As an outsider looking in, support groups are simply misunderstood. One may assume that you are forced to speak about your emotions, reveal things that you aren’t comfortable sharing, sit in a circle with people you don’t have a bond with and participate in ritualistic practices.
We can’t blame these perceptions. From The Fault In Our Stars to Baby Mama, group sessions are portrayed in the media with actors who generally do not hold the experience to be in their seat in real life. Support groups, at least at The Center for Balanced Living, look quite different.
Here are ten truths about our support groups:
1. Our support groups are FREE and OPEN TO THE PUBLIC. They are offered the first and third Tuesday of every month from 6:30 pm-8:00 pm. You do NOT have to be in treatment at The Center to participate.
2. Support groups are for individuals ages 16+.
3. Groups are led by a volunteers who have at least a bachelor’s degree and who commit to at least one year of service. A licensed eating disorder therapist from The Center supervises the group and gives full leadership to the volunteer facilitators.
4. Four separate groups are offered: anorexia nervosa, bulimia nervosa, compulsive overeating/binge eating disorder and family and friends. Groups dynamics are maintained, and open discussion encouraged, by limiting groups to only those who identify with that group. (Example: An individual with bulimia goes to bulimia support group; a friend of the person with bulimia goes to Family and Friends group, not to the bulimia group with the friend). It may be uncomfortable at first but it allows everyone to feel understood and not to feel like they are being observed. Participants gain a true understanding that they are not alone and feel more free to share with others in similar situations.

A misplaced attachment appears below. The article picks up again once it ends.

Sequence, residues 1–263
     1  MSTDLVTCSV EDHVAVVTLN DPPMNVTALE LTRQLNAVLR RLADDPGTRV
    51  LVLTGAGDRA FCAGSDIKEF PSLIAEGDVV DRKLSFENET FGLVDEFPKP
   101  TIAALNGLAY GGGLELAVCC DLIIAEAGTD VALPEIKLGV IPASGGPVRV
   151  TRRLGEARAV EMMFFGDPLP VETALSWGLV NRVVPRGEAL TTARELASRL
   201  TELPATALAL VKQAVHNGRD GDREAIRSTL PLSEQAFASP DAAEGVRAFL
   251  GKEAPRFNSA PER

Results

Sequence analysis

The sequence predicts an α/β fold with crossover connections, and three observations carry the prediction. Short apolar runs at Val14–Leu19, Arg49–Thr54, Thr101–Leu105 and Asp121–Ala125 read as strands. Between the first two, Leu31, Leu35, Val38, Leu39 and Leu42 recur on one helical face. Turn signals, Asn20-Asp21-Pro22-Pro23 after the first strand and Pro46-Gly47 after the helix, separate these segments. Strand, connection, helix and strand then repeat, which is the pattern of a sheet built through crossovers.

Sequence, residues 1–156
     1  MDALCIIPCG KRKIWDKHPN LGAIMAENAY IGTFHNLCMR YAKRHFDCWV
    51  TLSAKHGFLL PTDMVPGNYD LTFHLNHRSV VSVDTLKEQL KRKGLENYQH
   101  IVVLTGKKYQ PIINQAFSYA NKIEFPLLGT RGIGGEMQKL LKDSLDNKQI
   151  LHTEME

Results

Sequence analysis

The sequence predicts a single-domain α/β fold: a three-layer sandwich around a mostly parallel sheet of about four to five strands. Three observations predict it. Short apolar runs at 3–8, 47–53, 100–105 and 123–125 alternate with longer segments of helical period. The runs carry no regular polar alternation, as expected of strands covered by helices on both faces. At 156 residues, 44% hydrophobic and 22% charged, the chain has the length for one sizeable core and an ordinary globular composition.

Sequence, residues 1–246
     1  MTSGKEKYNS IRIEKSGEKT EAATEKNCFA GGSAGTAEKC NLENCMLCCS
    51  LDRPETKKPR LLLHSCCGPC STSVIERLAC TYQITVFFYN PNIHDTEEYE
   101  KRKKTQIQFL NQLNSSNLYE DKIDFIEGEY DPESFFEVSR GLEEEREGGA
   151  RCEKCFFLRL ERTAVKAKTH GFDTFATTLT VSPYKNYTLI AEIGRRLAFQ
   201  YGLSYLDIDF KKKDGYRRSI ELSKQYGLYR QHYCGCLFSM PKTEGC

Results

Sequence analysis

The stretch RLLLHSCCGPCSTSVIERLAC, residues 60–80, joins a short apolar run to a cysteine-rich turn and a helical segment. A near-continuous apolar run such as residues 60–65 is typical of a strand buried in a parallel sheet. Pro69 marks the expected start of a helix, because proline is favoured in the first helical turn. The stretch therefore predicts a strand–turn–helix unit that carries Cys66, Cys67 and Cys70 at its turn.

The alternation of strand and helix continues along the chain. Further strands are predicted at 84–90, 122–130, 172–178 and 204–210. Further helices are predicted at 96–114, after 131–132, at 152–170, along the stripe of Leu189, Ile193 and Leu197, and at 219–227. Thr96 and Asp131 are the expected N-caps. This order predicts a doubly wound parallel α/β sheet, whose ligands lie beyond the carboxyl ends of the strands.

5. Privacy is maintained. What is said in the room, stays in the room.
6. Numbers are not discussed. For folks struggling with eating disorders, numbers can trigger eating disorder thoughts (“Ed”) and can lead to comparisons.
7. Talking is encouraged but not mandated. Share as much or as little as is comfortable for you. (We find that those who choose to discuss their experiences end up getting more out of the group.) An important part of participation is active listening, in which you appear interested and give everybody a chance to talk.
8. Eating in group is permitted. If you need to eat or have a snack during the group meeting time, we encourage you to bring your food with you; please don’t feel you cannot eat and therefore must miss group participation.
9. Participation is voluntary. No attendance is taken and you can attend as many or as few times as you wish.
10. Support groups are NOT therapy and should NEVER be used as a replacement for therapy. This experience is about support and validation that you can offer to one another within the structure established by the facilitators. The groups are not therapy sessions where underlying psychological issues and changes are processed. If you need more than support and want therapy, please contact our front desk at 614-896-8222 to request an assessment with one of our clinicians.
“The support groups are unlike anything in the city. They’re a place to come and be free of expectation, worry and stress and truly feel supported.” Anonymous support group participant
If you have any questions, please call 614.896.8222. We will gladly help you decide if support group is a suitable option for you.
Our deepest gratitude goes to a grant from The Harry C. Moores Foundation for providing funding the groups through 2016.